4. Build Business Relationships
The supply chain of a spirit involves a number of businesses. You need to source your ingredients, distil your spirit, bottle it, add well-designed labels, export the spirit to a number of countries, and distribute and sell them within each country. That’s a lot that could go wrong.
To ensure the smoothest supply chain and best ongoing relationship, I recommend choosing each of your business partners based on three criteria:
- Does the person or company possess the best possible experience and skill sets?
- Are they passionate about my business and vision?
- Are they a person or company with whom we could develop a friendship with?
While the first two are critical (and perhaps a bit obvious), for us, the third element is equally important. You want to know that the people you are dealing with and relying on are people you like and trust.
Our partnership with the Pisoni family has developed into a friendship and we now go skiing with them every year in the Swiss Alps. We discuss business issues that invariable arise as friends, knowing that we can (and will) find a mutually agreeable solution to any and all situations that arise.
5. Consider Your Branding
Drinking a premium spirit is as much about the experience as the flavour. Consider what makes your spirit unique. What do you want to evoke as your customers drink it? Is it subtle or bold? You should also consider the textures on your label and the look and feel of any box that may accompany it. Make sure everything quietly screams your brand.
We didn’t just want people to enjoy the flavour of Cadello, we wanted every aspect of the experience to connect back to an 18th century Venetian masked balls ‒ from the name and the logo, to the bottle design.
I would recommend starting from basic principles: Why did you create your spirit and for whom? Then consider your brand as a whole, including your brand name, before drilling down into the specifics like the bottle and label design. Don’t get hung up on the details first, otherwise you’ll end up with a confusing brand design.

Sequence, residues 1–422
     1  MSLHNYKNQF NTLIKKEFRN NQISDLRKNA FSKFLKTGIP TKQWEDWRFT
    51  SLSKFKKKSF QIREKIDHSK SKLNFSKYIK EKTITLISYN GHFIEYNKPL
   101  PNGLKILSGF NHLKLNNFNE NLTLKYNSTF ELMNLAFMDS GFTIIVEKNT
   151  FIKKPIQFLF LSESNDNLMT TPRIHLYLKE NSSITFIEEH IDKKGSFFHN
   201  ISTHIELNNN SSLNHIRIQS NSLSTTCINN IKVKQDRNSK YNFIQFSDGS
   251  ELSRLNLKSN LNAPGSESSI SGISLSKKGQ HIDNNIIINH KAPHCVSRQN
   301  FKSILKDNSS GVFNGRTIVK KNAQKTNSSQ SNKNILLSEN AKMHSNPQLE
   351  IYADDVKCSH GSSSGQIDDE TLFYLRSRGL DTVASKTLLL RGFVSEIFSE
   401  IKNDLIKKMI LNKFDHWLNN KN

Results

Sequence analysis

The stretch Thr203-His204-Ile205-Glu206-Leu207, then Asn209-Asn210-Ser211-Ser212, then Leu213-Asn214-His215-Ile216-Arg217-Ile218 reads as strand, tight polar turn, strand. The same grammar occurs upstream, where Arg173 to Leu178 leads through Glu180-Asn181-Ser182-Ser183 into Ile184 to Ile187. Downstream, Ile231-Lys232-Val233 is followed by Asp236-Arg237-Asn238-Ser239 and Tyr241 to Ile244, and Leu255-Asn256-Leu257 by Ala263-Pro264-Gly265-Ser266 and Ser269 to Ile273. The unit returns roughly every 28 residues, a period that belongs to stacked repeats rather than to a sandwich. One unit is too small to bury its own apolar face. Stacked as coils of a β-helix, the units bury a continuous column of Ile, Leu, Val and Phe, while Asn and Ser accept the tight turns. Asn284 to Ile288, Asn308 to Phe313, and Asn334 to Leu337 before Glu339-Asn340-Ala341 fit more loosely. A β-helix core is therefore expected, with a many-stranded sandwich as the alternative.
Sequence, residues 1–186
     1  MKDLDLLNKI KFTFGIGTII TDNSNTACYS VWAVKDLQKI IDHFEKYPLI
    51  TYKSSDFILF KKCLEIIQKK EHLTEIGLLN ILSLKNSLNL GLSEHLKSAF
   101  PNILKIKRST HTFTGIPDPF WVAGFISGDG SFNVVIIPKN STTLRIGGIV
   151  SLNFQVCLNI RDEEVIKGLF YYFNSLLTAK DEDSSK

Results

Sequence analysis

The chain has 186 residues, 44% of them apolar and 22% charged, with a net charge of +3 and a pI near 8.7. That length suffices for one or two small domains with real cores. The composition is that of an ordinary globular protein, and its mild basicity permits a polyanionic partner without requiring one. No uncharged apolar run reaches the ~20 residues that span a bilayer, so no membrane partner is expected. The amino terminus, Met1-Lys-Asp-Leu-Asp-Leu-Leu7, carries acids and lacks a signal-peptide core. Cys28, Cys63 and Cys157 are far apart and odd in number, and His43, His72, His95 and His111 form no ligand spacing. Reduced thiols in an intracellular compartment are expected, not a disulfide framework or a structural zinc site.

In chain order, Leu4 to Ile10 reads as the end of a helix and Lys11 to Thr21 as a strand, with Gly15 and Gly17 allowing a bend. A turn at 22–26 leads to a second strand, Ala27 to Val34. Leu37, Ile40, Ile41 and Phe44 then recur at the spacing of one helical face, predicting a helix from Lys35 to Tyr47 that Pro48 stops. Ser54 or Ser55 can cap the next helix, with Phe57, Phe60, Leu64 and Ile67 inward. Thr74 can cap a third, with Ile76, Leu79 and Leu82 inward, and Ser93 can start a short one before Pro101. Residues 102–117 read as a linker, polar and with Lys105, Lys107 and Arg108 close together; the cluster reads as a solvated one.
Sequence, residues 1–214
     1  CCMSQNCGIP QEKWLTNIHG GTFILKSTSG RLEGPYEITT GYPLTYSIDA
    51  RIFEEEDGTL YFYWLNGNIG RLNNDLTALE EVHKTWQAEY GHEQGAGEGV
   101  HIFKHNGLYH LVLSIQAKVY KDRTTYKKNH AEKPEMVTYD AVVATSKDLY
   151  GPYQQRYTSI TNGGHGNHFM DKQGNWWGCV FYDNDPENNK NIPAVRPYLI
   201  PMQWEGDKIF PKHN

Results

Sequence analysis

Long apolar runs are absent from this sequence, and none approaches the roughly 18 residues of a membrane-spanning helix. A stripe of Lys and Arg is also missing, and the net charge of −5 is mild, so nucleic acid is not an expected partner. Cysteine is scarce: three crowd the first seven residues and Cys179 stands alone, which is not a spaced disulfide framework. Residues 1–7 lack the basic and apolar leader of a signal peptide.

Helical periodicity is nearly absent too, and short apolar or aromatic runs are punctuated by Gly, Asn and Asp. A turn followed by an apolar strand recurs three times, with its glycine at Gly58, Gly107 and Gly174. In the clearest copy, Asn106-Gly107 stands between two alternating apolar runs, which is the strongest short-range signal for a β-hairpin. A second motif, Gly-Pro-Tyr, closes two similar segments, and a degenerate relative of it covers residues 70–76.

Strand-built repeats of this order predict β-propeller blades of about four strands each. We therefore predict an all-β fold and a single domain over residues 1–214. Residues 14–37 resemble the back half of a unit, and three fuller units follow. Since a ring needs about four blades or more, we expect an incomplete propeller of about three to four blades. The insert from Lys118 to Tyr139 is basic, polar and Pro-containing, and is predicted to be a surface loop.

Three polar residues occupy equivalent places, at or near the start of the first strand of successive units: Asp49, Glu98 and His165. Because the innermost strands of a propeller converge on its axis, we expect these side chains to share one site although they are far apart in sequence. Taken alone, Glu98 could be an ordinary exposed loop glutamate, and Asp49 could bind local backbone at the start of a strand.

6. Test the Market
Finally, it’s important to test your spirit on the market. You may like it, but you’re also too close to be objective.
Ideally, I would recommend testing in your initial launch market, as tastes are different across different geographical locations. If this is not possible or you have a particular opportunity to test in a different region, use whatever is available. You should also be prepared to take on board feedback and develop your product or brand accordingly. It may feel like a sacrifice but, ultimately, you’ll end up with a better product for it.
For those willing to take risks and who love to experiment with new flavours and processes, I truly believe there is a bright future ahead. Customers are crying out for something a bit different, something premium yet accessible, and this is reflected in the market growth.
Market opportunity is one thing, creating a new spirit brand from the ground up is something very different. Hopefully, you can learn from my experience and advice to help you bring your new spirit to the market. Good luck!
About the Author
Matt Dunn is co-founder of Cadello, a new, category-defining spirit produced by a 150year-old family-owned distillery in Italy. A unique flavour combining eight ingredients, Cadello is perfect served neat or in cocktails.